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The second Thursday in July had been a pleasantly sunny day, but that hardly mattered to the inmates of Vancouver city hall. They were slogging through yet another week of the run-until-all-hours meetings that have become typical of the city’s new four-party, no-majority, we-can’t-even-guess-what-they-might-do-next set of civic politicians.
It had been a grinding two-night public hearing, whose major drama unfolded when two federal candidates showed up to take opposing sides on the issue. They were joined by a raft of younger people begging for new rentals, and older homeowners begging to not have “too large” a building intrude into their neighbourhood. In the end, council voted 7-3 to allow a six-storey rental apartment on Fraser Street south of Kingsway.
It could have been just another standard “conservatives on one side, progressives on the other” kind of vote. But the three opposed appeared to have only one common denominator: they were all born before 1960, the only ones on council in that bracket. Otherwise, they were as far apart on the political spectrum as it’s possible to be. Jean Swanson, 76 and a lifelong campaigner for better housing and living conditions for the poor, represents the city’s most left-wing party, COPE. There’s Adriane Carr, 67 and a staunch environmentalist and standard-bearer for the Green Party. And Colleen Hardwick, 61, the councillor deemed the most conservative—especially when it comes to fighting off any efforts to introduce density, rapid transit or change in Vancouver’s west-side neighbourhoods—is among the five councillors from the centre-right Non-Partisan Association.
They appeared to epitomize what San Francisco housing activist Randy Shaw, author of the recently published Generation Priced Out, has called the problem of urban boomers—an analysis that has also emerged as a theme in a small surge of articles on the country’s housing problems. Shaw, who has visited Vancouver in the past, said in an interview from his home turf that boomers, many of whom got to buy housing in a much different economic climate, have been a powerful force blocking supply in cities across the U.S. and a key reason for skyrocketing housing prices. And it’s been the so-called “progressives,” homeowners or not, he says, who have been the worst, because they see themselves as fighting the good fight against bad developers in their efforts to preserve the neighbourhoods they bought into decades ago. “That generation of boomers doesn’t see the environmental impact of housing, and what it means when you make 120,000 people commute to the Bay Area because there’s no housing for them close by.”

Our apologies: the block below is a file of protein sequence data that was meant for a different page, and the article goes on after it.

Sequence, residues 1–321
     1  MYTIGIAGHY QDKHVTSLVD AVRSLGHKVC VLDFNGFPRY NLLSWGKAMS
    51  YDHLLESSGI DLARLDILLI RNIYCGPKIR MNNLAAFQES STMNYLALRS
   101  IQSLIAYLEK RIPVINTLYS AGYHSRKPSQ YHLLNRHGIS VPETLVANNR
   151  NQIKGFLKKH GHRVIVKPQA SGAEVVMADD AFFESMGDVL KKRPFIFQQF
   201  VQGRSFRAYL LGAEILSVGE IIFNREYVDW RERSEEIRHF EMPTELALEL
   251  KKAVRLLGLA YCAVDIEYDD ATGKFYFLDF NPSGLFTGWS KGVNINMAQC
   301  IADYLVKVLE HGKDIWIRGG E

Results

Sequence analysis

But is it all really that simple? Shaw, 63, is himself a homeowner in Berkeley—a hotbed of NIMBYism—and has been a Swanson-like advocate for decades, fighting to protect poor renters from corporate greed. Yet he’s as militantly pro-housing supply as any millennial.
Talk to Vancouver councillors of all ages, and they scramble to point out the many ways in which politics is more nuanced, more complicated than along birth-year fault lines. Swanson, a non-homeowner who has lived at an east-side housing co-op for years, says differences in voting are far more about class than anything else, though she says she has noticed a group showing up at council of “white men 35 to 45, who say they want more density.” NPAer Melissa De Genova, 36, the second-youngest person on council and someone who votes for new housing projects more consistently than any of her party colleagues, emphasizes that there are many times when she and Hardwick vote together. (Hardwick almost never responds to interview requests and did not break tradition for this story.) Even on councils where the generational divide is more pronounced—like in the District of North Vancouver, where the two 30-something councillors are almost always on the losing end of 5-2 votes over housing—those councillors are reluctant to pin their philosophical differences on age.